I recall back in the late 1980’s when logic synthesis tools were first commercialized, at first they could read in a gate-level netlist from one foundry then output an optimized netlist back into the same foundry. Next, they could migrate your gate-level netlist from Vendor A over to Vendor B, giving design companies some flexibility in negotiating the best foundry terms. Finally, they could accept RTL code as an input, then create foundry-specific gate-level netlists that were optimized.
Since Synopsys came to dominate the RTL logic synthesis market in the 1990’s, many competitors have aimed to sit on top of logic synthesis with their own High Level Synthesis (HLS) tool. EDA vendors have tried over the years with varying degrees of commercial success to grow the HLS market. All of the big three in EDA have made inroads with HLS tools and sub-flows, so I met up with Badru Agarwala, GM at Mentor during DAC in Austin last month to get an update on what’s been happening with their Catapult product line.
Q: What are the industry trends with HLS these days?
A: HLS is only one pice of an ecosystem moving up to use the C++ language now, so one goal is to make C++ design as robust as RTL verification is.
Q: What customers are using HLS, has it gone mainstream yet?
A: Some big company names that you should recognize that are using HLS now include: NVIDIA, Qualcomm, Google and STMicroelectronics.
Q: Is there a sweet spot for using an HLS tool flow?
A: Yes, segments like machine vision, computer vision, 3D TV all enjoy an HLS methodology.
Q: What about design capacity with HLS, is that an issue?
A: We’ve seen a 25 Million gate design completed with Catapult, so the capacity is there.
Q: What benefits do HLS designers enjoy the most?
A: Three things that are common benefits include: Verification is more thorough, the design process is much faster than RTL, and designers can make more changes at the last minute of their projects.
Q: How is HLS impacting the verification process?
A: Now with HLS you can start verification much earlier than before, in parallel with the design process, then when the code is stable start to do RTL design.
Q: What are some of the challenges of coding with C++ for an HLS language and how is Catapult changing?
A: Most existing C++ tools are for SW developers, not really well suited for HW developers, so there’s not much linting or property checking going on. HLS users really need coverage tools, along with bit accuracy and loop unrolling. We just announced Catapult DesignChecks to help an HLS user find bugs while coding, so they don’t have to debug as much with simulation and synthesis. There’s both a static mode of DesignChecks for fast linting plus a formal engine for checking. These approaches don’t even require a testbench to be coded.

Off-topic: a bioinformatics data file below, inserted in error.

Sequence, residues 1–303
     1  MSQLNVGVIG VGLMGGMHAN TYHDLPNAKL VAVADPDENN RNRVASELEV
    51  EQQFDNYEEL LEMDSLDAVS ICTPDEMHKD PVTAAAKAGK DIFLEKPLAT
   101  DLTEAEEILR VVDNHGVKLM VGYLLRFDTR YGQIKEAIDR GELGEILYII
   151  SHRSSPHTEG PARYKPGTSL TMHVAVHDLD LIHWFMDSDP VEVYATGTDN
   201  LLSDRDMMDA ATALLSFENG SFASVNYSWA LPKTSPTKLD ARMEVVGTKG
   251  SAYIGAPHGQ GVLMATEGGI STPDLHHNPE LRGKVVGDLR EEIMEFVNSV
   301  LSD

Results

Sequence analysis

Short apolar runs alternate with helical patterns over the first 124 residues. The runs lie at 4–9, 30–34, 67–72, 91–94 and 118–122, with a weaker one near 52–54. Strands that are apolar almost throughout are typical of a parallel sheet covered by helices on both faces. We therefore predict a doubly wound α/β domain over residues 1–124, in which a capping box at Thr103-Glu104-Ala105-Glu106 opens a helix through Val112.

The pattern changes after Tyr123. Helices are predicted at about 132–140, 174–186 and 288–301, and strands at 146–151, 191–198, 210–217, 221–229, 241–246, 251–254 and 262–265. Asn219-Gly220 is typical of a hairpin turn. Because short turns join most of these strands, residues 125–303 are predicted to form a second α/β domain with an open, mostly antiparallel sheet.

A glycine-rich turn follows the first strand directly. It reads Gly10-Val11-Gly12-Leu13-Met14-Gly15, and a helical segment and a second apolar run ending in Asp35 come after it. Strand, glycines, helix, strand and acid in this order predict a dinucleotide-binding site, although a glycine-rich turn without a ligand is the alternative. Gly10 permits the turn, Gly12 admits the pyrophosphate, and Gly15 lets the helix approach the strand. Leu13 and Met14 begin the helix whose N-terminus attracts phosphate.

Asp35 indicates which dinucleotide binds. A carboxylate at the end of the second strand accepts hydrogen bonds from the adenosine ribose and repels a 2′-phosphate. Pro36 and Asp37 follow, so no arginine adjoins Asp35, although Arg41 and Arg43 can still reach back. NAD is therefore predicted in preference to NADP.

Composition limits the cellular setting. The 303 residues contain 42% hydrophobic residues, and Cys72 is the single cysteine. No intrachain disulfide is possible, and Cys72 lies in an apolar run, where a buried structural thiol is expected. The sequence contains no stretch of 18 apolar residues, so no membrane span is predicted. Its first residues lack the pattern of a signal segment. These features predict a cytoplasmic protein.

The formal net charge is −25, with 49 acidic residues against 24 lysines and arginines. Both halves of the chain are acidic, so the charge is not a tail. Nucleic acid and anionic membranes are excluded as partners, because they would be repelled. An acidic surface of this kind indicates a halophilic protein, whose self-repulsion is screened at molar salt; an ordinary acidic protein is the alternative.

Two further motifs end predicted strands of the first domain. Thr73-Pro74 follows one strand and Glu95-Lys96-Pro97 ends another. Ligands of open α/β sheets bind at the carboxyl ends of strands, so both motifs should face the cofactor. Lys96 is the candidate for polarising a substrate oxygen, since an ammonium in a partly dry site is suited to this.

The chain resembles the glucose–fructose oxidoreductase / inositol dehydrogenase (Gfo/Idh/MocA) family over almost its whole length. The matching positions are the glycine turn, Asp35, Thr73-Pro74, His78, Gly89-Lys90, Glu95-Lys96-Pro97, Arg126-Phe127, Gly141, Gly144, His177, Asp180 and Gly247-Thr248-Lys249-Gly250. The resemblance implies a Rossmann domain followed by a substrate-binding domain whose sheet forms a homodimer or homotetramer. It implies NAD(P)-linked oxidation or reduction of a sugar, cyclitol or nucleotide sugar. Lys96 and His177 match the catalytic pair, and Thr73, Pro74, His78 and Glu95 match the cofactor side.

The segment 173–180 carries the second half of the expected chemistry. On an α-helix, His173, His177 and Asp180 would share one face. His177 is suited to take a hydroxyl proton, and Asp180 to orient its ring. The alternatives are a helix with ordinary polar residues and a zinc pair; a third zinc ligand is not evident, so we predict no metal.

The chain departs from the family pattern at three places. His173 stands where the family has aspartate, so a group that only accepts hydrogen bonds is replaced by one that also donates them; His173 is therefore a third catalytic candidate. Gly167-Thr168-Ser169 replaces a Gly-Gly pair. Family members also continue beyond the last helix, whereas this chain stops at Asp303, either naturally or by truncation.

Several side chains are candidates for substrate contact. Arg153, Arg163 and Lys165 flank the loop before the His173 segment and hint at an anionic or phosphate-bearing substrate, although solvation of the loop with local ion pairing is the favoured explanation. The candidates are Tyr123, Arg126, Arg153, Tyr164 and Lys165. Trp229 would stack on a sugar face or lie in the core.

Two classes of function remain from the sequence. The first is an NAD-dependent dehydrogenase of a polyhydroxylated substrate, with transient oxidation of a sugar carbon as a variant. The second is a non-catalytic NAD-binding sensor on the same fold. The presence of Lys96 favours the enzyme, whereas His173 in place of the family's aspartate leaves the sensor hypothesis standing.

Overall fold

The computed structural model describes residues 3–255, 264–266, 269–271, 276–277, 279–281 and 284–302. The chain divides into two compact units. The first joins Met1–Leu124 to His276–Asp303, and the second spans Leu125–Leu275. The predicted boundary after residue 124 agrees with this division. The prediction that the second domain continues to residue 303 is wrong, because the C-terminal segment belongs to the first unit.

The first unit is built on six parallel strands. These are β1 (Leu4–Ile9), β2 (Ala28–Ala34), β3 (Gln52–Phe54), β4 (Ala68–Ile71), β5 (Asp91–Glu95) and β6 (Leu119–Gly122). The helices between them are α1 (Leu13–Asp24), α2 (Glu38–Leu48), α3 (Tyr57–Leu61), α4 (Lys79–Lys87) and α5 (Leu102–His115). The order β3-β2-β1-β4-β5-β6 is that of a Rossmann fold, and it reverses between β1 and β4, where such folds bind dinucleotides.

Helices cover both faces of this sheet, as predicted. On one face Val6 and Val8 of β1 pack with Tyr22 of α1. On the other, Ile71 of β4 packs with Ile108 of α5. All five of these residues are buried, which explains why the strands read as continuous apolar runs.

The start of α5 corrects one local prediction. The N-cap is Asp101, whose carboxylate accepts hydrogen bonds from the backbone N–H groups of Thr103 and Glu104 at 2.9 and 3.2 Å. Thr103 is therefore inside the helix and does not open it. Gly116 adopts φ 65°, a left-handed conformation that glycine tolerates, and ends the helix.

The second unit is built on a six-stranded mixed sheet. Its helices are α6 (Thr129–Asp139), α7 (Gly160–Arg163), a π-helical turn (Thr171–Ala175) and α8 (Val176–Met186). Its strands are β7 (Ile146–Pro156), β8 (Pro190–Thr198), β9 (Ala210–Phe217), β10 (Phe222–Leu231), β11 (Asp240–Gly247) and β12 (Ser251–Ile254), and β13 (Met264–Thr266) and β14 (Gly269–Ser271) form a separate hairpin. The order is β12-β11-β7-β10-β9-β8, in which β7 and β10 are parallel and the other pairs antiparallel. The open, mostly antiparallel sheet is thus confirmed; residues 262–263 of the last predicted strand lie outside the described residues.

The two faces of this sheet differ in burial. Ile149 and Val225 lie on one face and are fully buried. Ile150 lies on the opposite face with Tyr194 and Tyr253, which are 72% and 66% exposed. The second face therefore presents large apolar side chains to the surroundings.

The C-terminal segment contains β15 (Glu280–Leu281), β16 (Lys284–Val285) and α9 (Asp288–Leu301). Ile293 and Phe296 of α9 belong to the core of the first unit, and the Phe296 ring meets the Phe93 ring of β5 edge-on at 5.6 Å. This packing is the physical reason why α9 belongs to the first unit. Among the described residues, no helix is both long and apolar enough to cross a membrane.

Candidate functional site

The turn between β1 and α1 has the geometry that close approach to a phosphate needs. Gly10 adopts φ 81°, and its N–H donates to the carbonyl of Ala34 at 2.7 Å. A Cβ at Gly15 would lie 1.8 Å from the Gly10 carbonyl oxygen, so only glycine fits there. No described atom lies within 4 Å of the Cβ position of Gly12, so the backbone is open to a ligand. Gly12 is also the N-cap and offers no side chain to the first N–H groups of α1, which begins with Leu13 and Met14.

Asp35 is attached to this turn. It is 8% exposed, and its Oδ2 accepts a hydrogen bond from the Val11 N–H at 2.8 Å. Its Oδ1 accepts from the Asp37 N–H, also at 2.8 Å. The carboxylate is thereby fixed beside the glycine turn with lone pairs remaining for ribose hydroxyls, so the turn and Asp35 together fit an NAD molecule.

A second new tool we’re talking about is Catapult Coveragewhich gives you code coverage for C++ and enables faster closure of synthesized RTL. Designers can reach 100% C coverage, then start to do HLS synthesis. We’ve had coverage tools for gate-level and RTL, so it only makes sense to raise that up to the C level too.
We also have SLEC (Sequential Logic Equivalence Checking) HLS a new C to RTL equivalence tool, so that you know that the RTL coming out of Catapult really is the same as the C++ that went into it, without having to run simulation and verification cases. Setup is more automated now.
Mentor with the Catapult family of tools has been at this HLS methodology for a long while now and have continued to invest in making the whole tool flow more integrated and easier to use for digital designs. I was impressed with the three StreamTV engineers in the Mentor booth who showed a 3D TV design using Catapult in their 15 month project because of how few people were required to do such a complex design so quickly, and consumers view 3D without glasses.